Leading 3D printer OEM 3D Systems and Israeli bioprinting material developer CollPlant have announced a joint development agreement seeking to create tissue and scaffold bioprinting solutions for third party collaborators.
Through their collaboration, the two companies aim to combine their respective expertise in order to accelerate breakthroughs in the biomedical industry. This includes 3D Systems’ 3D printing technologies and healthcare expertise, and CollPlant’s proprietary recombinant human collagen (rhCollagen), a bioInk technology currently used to 3D bioprint tissues and organs.
“3D Systems is excited to work with CollPlant to develop groundbreaking bioprinted tissue and scaffold technologies,” explains Chuck Hull, co-founder, and chief technology officer, 3D Systems. “We believe 3D printing to be a key technology for regenerative medicine, and this collaboration is one of many we are entering to play an integral role in this exciting field.”
“COMBINING OUR INNOVATIVE 3D PRINTING TECHNOLOGIES WITH COLLPLANT’S RHCOLLAGEN BASED BIOINKS HAS THE POTENTIAL TO MAKE A SIGNIFICANT IMPACT IN BIOPRINTING AND REGENERATIVE MEDICINE.”[/mpc_quote]
3D bioprinted soft tissue implant with vascularization channels perfused with red ink. The implant was printed using 3D Systems’ stereolithography bioprinter and BioInk that is based on CollPlant’s rhCollagen. Photo via CollPlant.
CollPlant’s proprietary bioink
With its main focus surrounding regenerative medicine, CollPlant’s proprietary development is its rhCollagen product. A 3D printable bioink, rhCollagen acts as a support material for biological matter, i.e. human stem cells. It is plant-based and harvested from genetically engineered tobacco plants.
CollPlant has taken part in a number of projects seeking to use and develop its rhCollagen material for 3D bioprinting a functional organ. Such an achievement lies decades away from being a reality, with the application of the material still in its early stages. Nevertheless, the company is laying the foundations for supporting its ambitions in the future.
In 2018, Maryland-based biotechnology firm United Therapeutics Corporation formed a licensing agreement with CollPlant to use its bio-ink technology for the development of 3D bioprinted lung models. Recently, CollPlant also announced it was testing its 3D bioprinting technology as a viable option for breast implants.
Bottles of CollPlant rhCollagen bioink. Image via CollPlant
3D Systems has also exhibited a sustained interest in the field of biotechnology and biomedicine over the years. The company has formed various partnerships within the field, including multi-year agreement with United Therapeutics Corporation to develop organs suitable for human transplants. Their collaboration is focused on regenerative medicine for human lungs. Additionally, 3D Systems has partnered with Antleron, a Belgium-based biotechnology company, to develop regenerative products for personalized patient care.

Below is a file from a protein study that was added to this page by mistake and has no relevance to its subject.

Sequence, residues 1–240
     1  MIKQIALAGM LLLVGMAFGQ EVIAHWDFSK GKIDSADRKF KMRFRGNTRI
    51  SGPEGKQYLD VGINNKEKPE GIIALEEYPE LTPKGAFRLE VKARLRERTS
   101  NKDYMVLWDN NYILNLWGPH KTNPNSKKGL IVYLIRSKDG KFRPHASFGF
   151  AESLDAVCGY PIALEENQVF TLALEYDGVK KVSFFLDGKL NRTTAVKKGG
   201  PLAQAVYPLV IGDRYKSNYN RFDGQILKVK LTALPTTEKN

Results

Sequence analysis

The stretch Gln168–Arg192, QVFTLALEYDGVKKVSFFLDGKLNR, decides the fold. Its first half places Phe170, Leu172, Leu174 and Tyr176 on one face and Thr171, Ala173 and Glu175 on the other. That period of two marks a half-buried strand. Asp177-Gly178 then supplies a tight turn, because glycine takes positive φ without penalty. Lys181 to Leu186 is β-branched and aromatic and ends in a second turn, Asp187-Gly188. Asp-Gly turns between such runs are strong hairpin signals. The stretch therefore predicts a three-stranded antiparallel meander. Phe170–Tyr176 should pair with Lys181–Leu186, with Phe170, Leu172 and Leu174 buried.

Accelerating breakthroughs in regenerative medicine
Both 3D Systems and CollPlant have now identified market demand for a comprehensive solution to produce tissues and scaffolds for regenerative medicine applications. Working together, the companies plan to create integrated 3D bioprinting solutions, consisting of 3D bioprinters and bioinks, enabling the production of tissues and scaffolds.
As part of the agreement, these ‘solutions’ will comprise a combination of 3D Systems’ 3D printers, CollPlant’s bioinks, and new formulations of rhCollagen-based bioinks jointly developed by the companies. “We strongly believe that our proven rhCollagen is the finest building block for regenerative medicine tissues and scaffolds available today,” Yehiel Tal, chief executive officer of CollPlant, adds.
“As the leading additive manufacturing printing solutions company, 3D Systems is the perfect partner for us. Together, we can offer the best combined technology for 3D bioprinting. We are honored to have established this important collaboration and we look forward to working together to advance 3D bioprinting technology to the commercial phase.”
Featured image shows 3D bioprinted soft tissue implant with vascularization channels perfused with red ink. The implant was printed using 3D Systems’ stereolithography bioprinter and BioInk that is based on CollPlant’s rhCollagen. Photo via CollPlant.